Time to Leave New York City
A sketch book sketcher clandestinely sketches a boy playing a guitar and a harmonica in the Metropolitan subway stop of Brooklyn. The guitar and harmonica boy has short, ratty white-person dreadlocks and plays songs for alms in the subways of New York City. He has a nice Fival Mousekewitz hat over his white-man dreads and belts out “C’est la vie, we all move on” through the underground tunnels of the city I am about to leave. The scribbler – me – scribbles notes about the sketch book sketcher and the guitar and harmonica player.
The Beady Eyed Fruit Man has already escaped the Brooklyn winter to slumber out the season like a king is his Calcutta home.
“Hey Boss!’ he yelled out to me as I passed him on the street.
“Hey Fruit Man!” I yell back.
“I go back home tomorrow, to Calcutta!”
“Calcutta? That is a nice city,” I oddly found myself saying as I remembered walking knee deep through the overflowing sewers there with Stubbs in 2005.
We then shook hands, embraced, and that was it. The Fruit Man was gone. One of my characters in the big city has moved on to other pastures. I know that I am next.
As I walked away, I could hear the Fruit Man yelling out to me, “You want yellow plum? Three for one dollar, five for two dollars.”
I am going to miss this Indian fellow ripping me off with good humor.
I finished my undergraduate degree, crossed a half dozen hurdles, smashed through a brick wall, and now I find myself on the other side: a university graduate with no prospects but the entire world.
This weekend I will probably leave New York City and then have Christmas with my parents and little Chinese sister Upstate. In early January I have a flight going to Budapest, Hungary. From there I am looking east . . . always east.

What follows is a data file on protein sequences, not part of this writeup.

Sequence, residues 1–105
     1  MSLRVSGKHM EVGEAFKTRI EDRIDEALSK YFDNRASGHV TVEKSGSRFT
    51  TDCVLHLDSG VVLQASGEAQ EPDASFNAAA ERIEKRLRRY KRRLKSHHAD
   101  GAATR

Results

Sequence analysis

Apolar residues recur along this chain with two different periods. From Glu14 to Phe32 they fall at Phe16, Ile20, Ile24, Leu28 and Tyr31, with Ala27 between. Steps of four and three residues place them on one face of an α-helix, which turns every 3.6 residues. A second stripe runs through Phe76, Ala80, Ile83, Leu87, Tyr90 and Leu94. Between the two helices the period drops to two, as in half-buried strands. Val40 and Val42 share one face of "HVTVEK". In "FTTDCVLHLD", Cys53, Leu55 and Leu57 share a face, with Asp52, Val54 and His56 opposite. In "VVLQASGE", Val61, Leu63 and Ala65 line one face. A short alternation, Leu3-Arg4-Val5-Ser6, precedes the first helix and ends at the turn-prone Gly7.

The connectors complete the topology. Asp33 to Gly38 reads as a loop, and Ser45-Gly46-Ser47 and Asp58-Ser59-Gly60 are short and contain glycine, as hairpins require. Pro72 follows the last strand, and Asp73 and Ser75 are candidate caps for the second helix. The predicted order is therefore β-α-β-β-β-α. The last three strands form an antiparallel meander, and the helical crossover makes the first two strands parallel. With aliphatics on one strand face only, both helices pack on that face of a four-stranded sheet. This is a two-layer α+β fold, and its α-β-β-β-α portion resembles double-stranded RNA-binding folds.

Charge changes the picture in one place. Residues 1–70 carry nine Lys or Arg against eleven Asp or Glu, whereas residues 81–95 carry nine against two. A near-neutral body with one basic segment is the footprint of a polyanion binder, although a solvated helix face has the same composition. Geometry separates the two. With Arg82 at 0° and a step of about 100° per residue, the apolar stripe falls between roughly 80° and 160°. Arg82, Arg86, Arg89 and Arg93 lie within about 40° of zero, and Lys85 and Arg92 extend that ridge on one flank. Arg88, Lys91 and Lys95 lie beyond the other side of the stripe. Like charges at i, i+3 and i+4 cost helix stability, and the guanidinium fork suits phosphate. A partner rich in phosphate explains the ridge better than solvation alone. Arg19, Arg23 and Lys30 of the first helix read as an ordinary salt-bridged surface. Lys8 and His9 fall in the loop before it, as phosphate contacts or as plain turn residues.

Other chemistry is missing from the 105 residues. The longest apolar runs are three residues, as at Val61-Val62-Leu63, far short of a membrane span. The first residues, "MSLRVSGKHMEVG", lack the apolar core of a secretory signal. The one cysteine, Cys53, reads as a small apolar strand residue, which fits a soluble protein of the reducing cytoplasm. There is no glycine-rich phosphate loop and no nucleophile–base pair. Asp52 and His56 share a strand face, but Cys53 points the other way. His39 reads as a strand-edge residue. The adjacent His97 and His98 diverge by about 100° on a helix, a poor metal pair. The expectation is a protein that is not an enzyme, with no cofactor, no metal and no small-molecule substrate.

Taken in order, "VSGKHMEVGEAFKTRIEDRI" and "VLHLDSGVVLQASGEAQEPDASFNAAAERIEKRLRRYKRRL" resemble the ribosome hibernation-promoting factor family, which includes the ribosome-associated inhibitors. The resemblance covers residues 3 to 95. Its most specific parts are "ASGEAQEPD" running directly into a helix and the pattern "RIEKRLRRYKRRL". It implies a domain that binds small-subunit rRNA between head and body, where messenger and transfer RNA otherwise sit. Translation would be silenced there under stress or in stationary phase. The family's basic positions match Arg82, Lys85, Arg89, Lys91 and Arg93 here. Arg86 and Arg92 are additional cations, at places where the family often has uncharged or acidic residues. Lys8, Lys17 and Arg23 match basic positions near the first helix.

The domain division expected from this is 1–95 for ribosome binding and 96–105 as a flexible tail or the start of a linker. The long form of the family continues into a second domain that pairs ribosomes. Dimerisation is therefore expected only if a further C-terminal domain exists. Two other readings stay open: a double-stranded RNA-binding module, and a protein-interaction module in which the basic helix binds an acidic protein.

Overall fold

I went for a long walk yesterday. A preemptive goodbye walk. They day was surpisingly mild, and white clouds moved swiftly through a blue sky. I walked from Brooklyn Heights over the Brooklyn Bridge to Manhattan, up to Chinatown, ate dumplings, and then walked back to Brooklyn over the Manhattan Bridge.
I stopped on this bridge and looked over Chinatown, at the Chinese characters on big signs, and at the Chinese people walking in typical ant-formation in their satellite home. I missed China. I missed the East. I felt like it was time to go, and once the time-to-go feeling hits there is nothing you can do about it.
I am going.
East, always East.
Baby Bananas and the Beady Eyed Fruit Man
Begging for a Laugh in New York City
Obama Celebration in Brooklyn
Multicultural Multi Ethnic New York City
Herman Melville Pilgrimage
Links to previous travelogue entries:
Travel Book Reviews on Vagabond Journey
Travel to Bangor Maine
Patriotism Around the World Survey